Worried because your baby wakes up crying hysterically all of a sudden? Take a look at common reasons why, and more important, what to do about it.
Is this normal? you wonder.
Your baby is several months old by this point, but just in the last few days, she’s been suddenly waking up crying. About once or twice a night, she flails her legs and screams her lungs out. Rocking and feeding seem to work a few times, but you’re afraid she’ll rely on these habits too much.
It’s breaking your heart, this inability to console her when she needs it the most.
I’ve wondered the same myself when my baby would wake up crying hysterically. I went through the list of possibilities—Is this just his personality? Is he not well-rested?—before worrying I was doing something wrong.
It’s especially jarring when all had been humming along just fine to suddenly be waking up to these unexpected cries. I was desperate for any way to help him sleep well through the night without waking up and screaming uncontrollably.
Why your baby wakes up crying hysterically
The tricky thing with babies is that we have no clear-cut path or one-size-fits-all method to solve these issues. Each baby is different, even if they’re born the same day to the same parents (trust me, I know!).
Finding solutions then becomes an experiment, one where we test theories and see if a technique works. Other times, it’s simply a waiting game, where all we can do is our best until this stage passes.
As always, the best place to start is with your baby’s pediatrician. She’ll be able to provide professional advice tailored to what she knows about your little one. Any time I had even the slightest reason to worry, I turned to our pediatrician for guidance.
But in the meantime, read or watch the video below for a few possibilities for why your baby wakes up crying hysterically, whether at night or from naps, and what you can do about it:
1. Separation anxiety
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One of the healthiest milestones your baby will reach is separation anxiety.
As challenging as it is for parents to deal with, separation anxiety shows that your baby is developing a sense of herself as separate from you*. Previously, she had thought that everything was one and the same.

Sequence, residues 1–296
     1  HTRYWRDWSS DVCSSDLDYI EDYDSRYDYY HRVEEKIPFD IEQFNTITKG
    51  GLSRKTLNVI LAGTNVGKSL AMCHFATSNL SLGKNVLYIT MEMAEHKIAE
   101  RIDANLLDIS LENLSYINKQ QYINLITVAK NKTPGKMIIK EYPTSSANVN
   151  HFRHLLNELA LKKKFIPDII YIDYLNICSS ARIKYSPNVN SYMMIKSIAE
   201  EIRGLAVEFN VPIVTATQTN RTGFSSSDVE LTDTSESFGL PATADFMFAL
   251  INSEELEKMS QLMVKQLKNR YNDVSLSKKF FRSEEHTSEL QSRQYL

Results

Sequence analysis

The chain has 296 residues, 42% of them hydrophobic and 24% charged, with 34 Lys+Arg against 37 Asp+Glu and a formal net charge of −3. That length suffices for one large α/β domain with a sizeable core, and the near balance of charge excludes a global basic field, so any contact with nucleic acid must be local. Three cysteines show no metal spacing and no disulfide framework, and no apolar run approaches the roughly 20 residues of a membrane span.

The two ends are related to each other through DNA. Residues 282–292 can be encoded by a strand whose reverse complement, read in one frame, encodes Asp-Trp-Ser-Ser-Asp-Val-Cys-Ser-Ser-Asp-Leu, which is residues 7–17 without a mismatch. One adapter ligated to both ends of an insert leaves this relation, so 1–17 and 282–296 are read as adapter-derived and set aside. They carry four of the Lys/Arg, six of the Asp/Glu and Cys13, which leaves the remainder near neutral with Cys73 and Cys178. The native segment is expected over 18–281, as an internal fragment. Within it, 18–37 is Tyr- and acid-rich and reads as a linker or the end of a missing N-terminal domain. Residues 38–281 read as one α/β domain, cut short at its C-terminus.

The thing is, the idea that we’re separate now instills the notion that we can leave, which can feel frightening.
And as anyone knows, waking up in the middle of the night can feel disorienting. Whereas your baby may have been able to put herself back to sleep just fine before, now she’s feeling anxiety about not having you there… all while the room is fairly dark, no less.
What to do: Play games that promote object permanence, or the idea that just because you can’t see something or someone, doesn’t mean they’re not there. The most popular game? Peek-a-boo, of course.
2. Sleep cycles
We all wake up throughout the night, babies and adults alike. Sleep cycles mean we enter a light state of sleep, but can easily fall right back to sleep.
The problem is, babies who haven’t learned to fall asleep on their own struggle to do so. As effective as sleep aids can be to help your little fall asleep, many of them rely on you. Sleep aids like feeding, rocking, co-sleeping, or holding means she isn’t able to fall asleep on her own.
What to do: Rely less on sleep aids to help your baby fall asleep and instead encourage her to self-soothe. If your baby wakes up crying hysterically in the middle of the night, she’ll know how to put herself back to sleep.
Learning to fall asleep on her own will help her feel more rested, day or night, which only leads to better quality sleep.
Want to learn more? Discover the 5 mistakes that are keeping your baby from self-soothing!
Whether you’ve tried to teach your baby to self-soothe in the past or are just now considering it, take a look at the 5 key mistakes to avoid. Download my resource below—at no cost to you. You’ll also get my newsletters, which parents say they LOVE:
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3. New milestones